As a business owner, you can choose to have an accountant handle your taxes and complete your Self Assessment tax return for you. The cost for this service will vary depending on the type of business you run and how complex your operations are.

This guide will explore how much you might expect to pay to have an accountant manage your taxes. We’ll answer the following questions:

  • How do Self Assessment tax returns work?
  • Do I need an accountant to file my tax return?
  • How can I find an accountant to help with my tax return?
  • What records will an accountant need to file my tax return?
  • How can Countingup help me get my financial records in order?

How do Self Assessment tax returns work?

Whether you’re a sole trader or run a small limited company, you need to file annual accounts with HMRC. These accounts show how much your business earned (your income) and spent (your expenses) in the tax year (April 6 – April 5). You will then need to pay taxes against your profit, which is your total income minus your overall business expenses.

Learn more about how to do a Self Assessment tax return.

Do I need an accountant to file my tax return?

No, is the simple answer. 

It’s not a legal requirement to have a professional accountant help you with your Self Assessment tax return. You’re perfectly fine completing and filing these yourself. That said, you certainly can choose to hire an accountant to take the burden off your shoulders.

Many self-employed people have limited knowledge of accounting and may not feel confident in their ability to get everything right. For example, you might miss out on claimable expenses that could shave money off your tax return (learn more about expenses here).

An accountant can make sure everything gets done correctly, work out calculations quickly, and advise you on expenses and income factors that are relevant to your business.

How much does an accountant charge for filing tax returns?

It’s difficult to give an exact number for how much you’ll have to pay to have an accountant file your tax return since prices will vary significantly depending on the situation. 

There are several aspects that play a role in determining the cost, including: 

  • How complex your business is (for example, if you have inventory, employees, company vehicles, and so on)
  • Whether you’re close to the deadline and need express service
  • Where you’re based (accountants in London and the southeast typically charge a higher rate than elsewhere)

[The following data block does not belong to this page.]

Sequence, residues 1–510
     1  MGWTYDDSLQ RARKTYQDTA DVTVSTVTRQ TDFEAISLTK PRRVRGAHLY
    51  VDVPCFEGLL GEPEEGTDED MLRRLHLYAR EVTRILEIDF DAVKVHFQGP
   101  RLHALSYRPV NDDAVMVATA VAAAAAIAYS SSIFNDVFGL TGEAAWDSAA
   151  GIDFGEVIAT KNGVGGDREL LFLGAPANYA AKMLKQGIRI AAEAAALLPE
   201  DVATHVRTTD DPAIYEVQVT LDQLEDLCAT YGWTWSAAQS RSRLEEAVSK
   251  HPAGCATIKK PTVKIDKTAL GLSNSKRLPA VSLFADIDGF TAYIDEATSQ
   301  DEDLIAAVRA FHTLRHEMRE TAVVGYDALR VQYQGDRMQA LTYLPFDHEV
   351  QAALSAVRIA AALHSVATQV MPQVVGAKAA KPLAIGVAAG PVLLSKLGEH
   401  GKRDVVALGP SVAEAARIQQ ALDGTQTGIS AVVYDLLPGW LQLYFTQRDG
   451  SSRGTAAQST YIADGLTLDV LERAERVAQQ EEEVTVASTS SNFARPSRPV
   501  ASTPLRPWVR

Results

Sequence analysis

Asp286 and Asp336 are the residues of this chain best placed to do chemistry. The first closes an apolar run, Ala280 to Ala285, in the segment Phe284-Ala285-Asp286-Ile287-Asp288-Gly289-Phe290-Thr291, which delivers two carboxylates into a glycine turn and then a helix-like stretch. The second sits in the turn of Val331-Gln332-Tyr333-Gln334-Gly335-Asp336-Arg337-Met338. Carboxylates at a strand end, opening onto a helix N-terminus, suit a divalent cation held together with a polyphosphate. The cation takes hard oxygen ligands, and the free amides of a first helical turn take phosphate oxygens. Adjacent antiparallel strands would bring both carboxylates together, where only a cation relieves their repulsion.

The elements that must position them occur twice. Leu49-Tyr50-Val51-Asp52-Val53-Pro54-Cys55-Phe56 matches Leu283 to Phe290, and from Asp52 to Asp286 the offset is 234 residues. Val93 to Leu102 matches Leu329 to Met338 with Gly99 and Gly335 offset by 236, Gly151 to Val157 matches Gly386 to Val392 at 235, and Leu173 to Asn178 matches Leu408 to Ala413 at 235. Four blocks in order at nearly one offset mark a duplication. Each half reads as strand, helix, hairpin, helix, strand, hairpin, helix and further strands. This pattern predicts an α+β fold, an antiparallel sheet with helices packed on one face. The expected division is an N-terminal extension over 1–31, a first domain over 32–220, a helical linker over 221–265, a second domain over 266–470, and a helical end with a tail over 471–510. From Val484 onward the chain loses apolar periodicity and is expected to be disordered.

• How experienced your accountant is (the more experience they have, the more they’ll charge)

But, on average, you can expect an accountant to charge around £150-£300  to file your Self Assessment tax return for you. While this might seem expensive, you could save even more by ensuring you claim tax relief on all your eligible expenses. Additionally, you can also use the extra time you get to focus on growing your business

Hiring an accountant will also give you peace of mind knowing that your tax returns will be done correctly and on time. But if you keep organised records yourself and feel confident in your ability to get it right, you can also choose to file the tax returns yourself.

How can I find an accountant to help with my tax return?

One way to find a reliable accountant is to look for a virtual accounting service. Virtual accountants don’t work from an office and do all their business online. 

Because virtual accountants don’t have any office-related costs, they often charge lower fees than traditional accounting firms. The downside is that your accountant may be based far away from you, meaning they may not be familiar with your area.

Alternatively, you can look for an accounting firm that’s based in your area. Local accountants will not only be familiar with your region but could also meet in person to discuss any concerns or questions you may have. You can also bring any physical records you have in-person to make sure they don’t get lost on the way. 

The downside to local accounting firms is that they usually charge more than virtual accountants.

What records will an accountant need to file my tax return?

If you’ve been staying on top of your bookkeeping and keeping clear records, sometimes all you need to do is send those records to your accountant for them to complete your tax return. But if you haven’t managed to keep your records up to date, your accountant might need you to send them all your business receipts.

If you’re unsure of your total income for the year, you’ll need to share records to help your accountant calculate this figure. This could be your invoices, bank statements, cash receipts, and so on.

To summarise, your accountant will need the following information to complete your tax return:

  • Your employment information – if you run your business as a side hustle and also work for someone else, you will need your P45 or P60 to demonstrate how much tax you have already paid.
  • Any pension income – your accountant will need to know if you’ve received any state pension in the tax year or if you pay towards a private pension. 
  • Business records – you’ll need to share records of all your business’ income, expenses, and taxes deducted.
  • Capital transactions – if you’ve sold, bought, or disposed of any assets and the values included in each transaction.

Save time on tax returns with a simple app 

Designed to help self-employed people save time on financial admin, Countingup is the business current account that comes with free built-in accounting software. It automates the time-consuming aspects of bookkeeping and taxes. Instant invoicing, automatic expense categorisation and cash flow insights mean that you can confidently keep on top of your business finances every day.

Find out more here.